What is urinary incontinence?
Urinary incontinence is a lack of control over urination. The condition is more common among women than men. Approximately 10 % of all women suffer from it, and most women experience incidents of urinary incontinence at least once in their life.
What are the symptoms?
The condition is characterised by involuntary, dropwise urination leakage. Urinary incontinence most often occurs in connection with physical activity or sneezing or coughing which cause an increased pressure on the bladder. The condition can be divided into three stages, depending on the severity:
Light: Urinary leakage consisting of a few drops, 1-2 times per months.
Moderate: Daily leakage of drops/small portions of urine.
Serious: Major urinary leakage at least once a week.
The two types of urinary incontinence
The most frequent type of urinary incontinence is stress incontinence. It occurs when the bladder’s sphincter weakens so that the muscle can no longer prevent the urine from running out. Urinary leakage is especially seen when there is an increased pressure on the bladder, for example caused by laughter, coughing or sneezing. The condition may also occur when you are physically active, run, jump or dance, and it can be socially restrictive for this reason.
Urge incontinence is characterised as a sudden and strong urination urge which is difficult to control. The condition occurs when the bladder muscle suddenly contracts. Often, the urge occurs suddenly and at an inconvenient time, making you unable to make it to the bathroom. The urinary leakage in cases of urge incontinence is often significant, and the urge may occur op to 8 times during a single day.
What are the causes?
The reduced function of the bladder’s sphincter may be due to:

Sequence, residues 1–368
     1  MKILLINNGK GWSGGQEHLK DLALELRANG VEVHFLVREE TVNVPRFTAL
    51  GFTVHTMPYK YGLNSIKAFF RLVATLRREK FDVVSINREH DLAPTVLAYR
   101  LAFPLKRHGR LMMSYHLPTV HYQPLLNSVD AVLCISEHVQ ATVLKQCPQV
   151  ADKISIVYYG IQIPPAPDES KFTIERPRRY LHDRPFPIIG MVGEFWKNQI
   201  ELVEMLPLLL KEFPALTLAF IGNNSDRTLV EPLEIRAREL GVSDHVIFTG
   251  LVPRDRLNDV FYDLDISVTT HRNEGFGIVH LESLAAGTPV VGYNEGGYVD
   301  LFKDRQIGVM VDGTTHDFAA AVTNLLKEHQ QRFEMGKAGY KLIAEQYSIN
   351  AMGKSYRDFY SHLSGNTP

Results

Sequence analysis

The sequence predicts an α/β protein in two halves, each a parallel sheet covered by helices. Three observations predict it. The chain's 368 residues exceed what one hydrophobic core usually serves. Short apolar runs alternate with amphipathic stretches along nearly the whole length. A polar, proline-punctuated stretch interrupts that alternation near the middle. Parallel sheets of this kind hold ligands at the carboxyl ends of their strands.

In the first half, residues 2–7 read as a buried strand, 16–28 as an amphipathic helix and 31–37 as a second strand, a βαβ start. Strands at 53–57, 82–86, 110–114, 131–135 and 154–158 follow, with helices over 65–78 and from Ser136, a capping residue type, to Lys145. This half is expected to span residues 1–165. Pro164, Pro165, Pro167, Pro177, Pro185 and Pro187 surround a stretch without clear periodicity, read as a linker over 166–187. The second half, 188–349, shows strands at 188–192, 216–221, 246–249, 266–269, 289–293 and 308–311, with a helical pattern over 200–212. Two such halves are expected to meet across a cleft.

Pregnancy and birth, where the pelvic floor is put under a lot of pressure
Chronic coughing or overweight
Prolapse of vagina or uterus
Lack of oestrogen
Medicine capable of weakening the urethra’s ability to keep closed
The bladder not being emptied adequately
Urge incontinence may be caused by nerve damage, sclerosis or infections in the bladder. In the worst cases, it may be due to cancer in the bladder.
What are the treatments?
Urinary incontinence is examined by the physician with a urine sample which is checked for bacteria, and you also undergo a thorough check of your disease history, where you inform the physician about the duration/frequency of the urinary tract symptoms. The physician can also perform an examination of your urine flow, and request that you fill out a schedule that covers your urination. In addition, your blood can be tested by a regular blood sample.
Depending on the cause of the development of condition, treatment can be directed to pelvic floor training or medical treatment. During the medical treatment, the patient is given Duloxetine, which improves the urethra’s ability to seal shut. However, this treatment has some side-effects, including nausea, and it can therefore be very unpleasant to take the medicine.
If the condition is severe, it is possible to operate (TVT surgery). This mostly happens in cases of stress incontinence, where the procedure is done with local anaesthesia, and you can return home the same day.